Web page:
Is non-linear frequency compression amplification beneficial to adults and children with hearing loss? A systematic review

Gladys Akinseye, Ann-Marie Dickinson, Kevin Munro

Research output: Contribution to journalArticlepeer-review

Abstract

Objective: To conduct a systematic review of the benefits of non-linear frequency compression (NLFC) in adults and children. Design: Ten databases were searched for studies comparing the effects of NLFC and conventional processing (CP) for the period January 2008 to September 2017. Study sample: Twelve articles were included in this review: four adults and school-aged only, one pre-school only and three with both adults and school-aged children. Results: A two-stage process was implemented to grade the evidence. The individual studies were graded based on their study type (from 1 = highest quality of evidence to 5 = the lowest quality) and then sub-graded based on their quality (“a” for “good quality” or “b” for “lesser quality”). All studies were awarded 4a, except the single pre-school study, which was awarded 2a. The overall evidence for each population was graded based on the quality, quantity and consistency of the studies. The body of evidence was rated as very low for both adults and school-aged children, but high for pre-school children. Conclusion: The low number (and quality) of studies means that evidence supporting the benefit from NLFC is inconclusive. Further high-quality RCTs are required to provide a conclusive answer to this question.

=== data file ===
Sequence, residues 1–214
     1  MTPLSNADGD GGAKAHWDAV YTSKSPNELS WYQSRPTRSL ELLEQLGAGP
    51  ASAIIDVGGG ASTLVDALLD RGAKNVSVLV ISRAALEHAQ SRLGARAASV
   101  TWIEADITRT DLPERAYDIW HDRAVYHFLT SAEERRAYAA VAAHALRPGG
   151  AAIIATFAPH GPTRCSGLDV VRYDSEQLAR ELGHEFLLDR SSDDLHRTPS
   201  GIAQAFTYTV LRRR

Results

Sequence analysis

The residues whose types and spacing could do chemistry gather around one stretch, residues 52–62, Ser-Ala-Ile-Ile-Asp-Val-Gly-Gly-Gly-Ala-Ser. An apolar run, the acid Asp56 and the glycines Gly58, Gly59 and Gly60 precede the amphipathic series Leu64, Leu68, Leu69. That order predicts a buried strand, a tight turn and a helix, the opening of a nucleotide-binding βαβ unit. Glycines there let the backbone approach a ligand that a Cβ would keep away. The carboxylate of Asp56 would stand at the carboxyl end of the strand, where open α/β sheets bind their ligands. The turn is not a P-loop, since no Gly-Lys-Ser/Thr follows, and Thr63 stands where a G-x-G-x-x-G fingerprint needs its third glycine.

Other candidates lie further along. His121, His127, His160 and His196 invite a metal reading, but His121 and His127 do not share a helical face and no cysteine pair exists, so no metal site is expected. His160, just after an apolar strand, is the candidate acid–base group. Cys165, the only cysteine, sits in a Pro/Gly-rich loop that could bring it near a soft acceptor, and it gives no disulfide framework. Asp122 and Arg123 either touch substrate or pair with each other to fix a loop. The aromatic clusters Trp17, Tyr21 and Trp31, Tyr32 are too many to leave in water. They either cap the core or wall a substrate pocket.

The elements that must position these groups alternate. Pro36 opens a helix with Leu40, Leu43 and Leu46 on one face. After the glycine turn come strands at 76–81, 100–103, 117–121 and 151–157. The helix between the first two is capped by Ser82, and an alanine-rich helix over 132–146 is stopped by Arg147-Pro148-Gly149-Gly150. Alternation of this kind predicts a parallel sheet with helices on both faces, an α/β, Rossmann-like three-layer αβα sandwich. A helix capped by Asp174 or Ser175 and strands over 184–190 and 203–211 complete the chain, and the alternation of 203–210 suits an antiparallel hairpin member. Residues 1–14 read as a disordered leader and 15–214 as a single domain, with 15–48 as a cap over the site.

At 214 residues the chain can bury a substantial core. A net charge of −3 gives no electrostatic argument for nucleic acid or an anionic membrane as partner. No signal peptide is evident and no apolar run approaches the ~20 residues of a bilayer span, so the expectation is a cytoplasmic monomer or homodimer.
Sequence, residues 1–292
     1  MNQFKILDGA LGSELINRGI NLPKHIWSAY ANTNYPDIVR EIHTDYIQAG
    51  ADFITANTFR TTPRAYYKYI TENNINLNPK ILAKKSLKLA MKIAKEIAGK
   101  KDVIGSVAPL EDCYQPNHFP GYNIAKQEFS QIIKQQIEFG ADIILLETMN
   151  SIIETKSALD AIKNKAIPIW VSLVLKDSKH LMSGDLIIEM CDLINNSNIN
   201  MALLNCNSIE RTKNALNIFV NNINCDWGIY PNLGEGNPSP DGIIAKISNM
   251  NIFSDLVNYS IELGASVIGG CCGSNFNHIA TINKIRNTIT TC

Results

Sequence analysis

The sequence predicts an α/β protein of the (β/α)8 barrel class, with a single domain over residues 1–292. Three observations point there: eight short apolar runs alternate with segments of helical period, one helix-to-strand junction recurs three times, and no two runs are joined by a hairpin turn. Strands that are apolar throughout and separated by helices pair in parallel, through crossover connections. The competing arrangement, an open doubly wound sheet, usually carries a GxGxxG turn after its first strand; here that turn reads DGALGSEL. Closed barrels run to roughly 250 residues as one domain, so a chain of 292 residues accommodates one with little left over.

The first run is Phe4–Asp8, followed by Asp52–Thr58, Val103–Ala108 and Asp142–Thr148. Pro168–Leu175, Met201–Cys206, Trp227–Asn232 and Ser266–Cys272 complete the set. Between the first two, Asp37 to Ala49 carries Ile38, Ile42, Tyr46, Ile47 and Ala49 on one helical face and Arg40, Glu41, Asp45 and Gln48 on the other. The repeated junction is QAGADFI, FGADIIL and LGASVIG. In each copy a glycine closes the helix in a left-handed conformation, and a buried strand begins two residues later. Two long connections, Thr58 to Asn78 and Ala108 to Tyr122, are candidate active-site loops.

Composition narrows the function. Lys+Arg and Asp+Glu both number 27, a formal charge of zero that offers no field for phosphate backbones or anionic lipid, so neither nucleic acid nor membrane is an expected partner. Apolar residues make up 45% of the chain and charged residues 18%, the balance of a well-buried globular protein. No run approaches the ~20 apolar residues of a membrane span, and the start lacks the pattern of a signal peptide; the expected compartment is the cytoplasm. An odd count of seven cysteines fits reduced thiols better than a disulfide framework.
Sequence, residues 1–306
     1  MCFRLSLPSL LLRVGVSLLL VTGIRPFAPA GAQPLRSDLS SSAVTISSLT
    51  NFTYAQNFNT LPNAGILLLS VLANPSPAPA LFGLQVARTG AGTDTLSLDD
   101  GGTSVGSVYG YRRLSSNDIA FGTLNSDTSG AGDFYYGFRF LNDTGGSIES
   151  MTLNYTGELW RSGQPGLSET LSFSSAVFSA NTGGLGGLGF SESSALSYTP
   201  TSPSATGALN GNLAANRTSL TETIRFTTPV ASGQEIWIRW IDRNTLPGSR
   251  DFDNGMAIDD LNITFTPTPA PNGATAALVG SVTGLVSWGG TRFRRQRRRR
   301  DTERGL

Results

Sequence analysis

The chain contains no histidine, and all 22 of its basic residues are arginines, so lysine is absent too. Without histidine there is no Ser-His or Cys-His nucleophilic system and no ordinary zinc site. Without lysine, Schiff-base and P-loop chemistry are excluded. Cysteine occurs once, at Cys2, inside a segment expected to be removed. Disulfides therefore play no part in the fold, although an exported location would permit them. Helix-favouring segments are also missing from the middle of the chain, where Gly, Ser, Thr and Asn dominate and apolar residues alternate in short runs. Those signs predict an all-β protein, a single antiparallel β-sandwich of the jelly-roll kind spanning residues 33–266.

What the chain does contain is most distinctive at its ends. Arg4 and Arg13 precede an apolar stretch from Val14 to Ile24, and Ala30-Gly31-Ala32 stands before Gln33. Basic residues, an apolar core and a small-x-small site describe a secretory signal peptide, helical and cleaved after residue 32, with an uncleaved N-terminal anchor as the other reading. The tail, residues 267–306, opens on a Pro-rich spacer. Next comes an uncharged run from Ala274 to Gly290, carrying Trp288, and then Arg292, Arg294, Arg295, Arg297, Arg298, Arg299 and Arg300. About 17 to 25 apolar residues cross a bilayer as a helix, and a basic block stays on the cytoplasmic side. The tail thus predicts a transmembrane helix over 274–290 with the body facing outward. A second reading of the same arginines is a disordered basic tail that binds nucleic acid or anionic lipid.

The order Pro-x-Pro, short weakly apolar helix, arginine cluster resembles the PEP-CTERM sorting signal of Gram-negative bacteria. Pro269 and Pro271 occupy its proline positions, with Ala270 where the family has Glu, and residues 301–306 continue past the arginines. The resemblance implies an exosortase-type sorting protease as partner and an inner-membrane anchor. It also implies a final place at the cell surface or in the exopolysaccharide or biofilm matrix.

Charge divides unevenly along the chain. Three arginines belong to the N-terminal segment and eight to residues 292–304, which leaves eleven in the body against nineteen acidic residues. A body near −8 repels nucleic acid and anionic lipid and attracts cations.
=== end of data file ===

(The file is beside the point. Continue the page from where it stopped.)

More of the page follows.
Original languageEnglish
JournalInternational Journal of Audiology
Early online date3 Jan 2018
DOIs
Publication statusPublished - 2018

Keywords

  • Non-linear frequency compression
  • Systematic review
  • Adults
  • Children
  • Speech perception
  • Benefit

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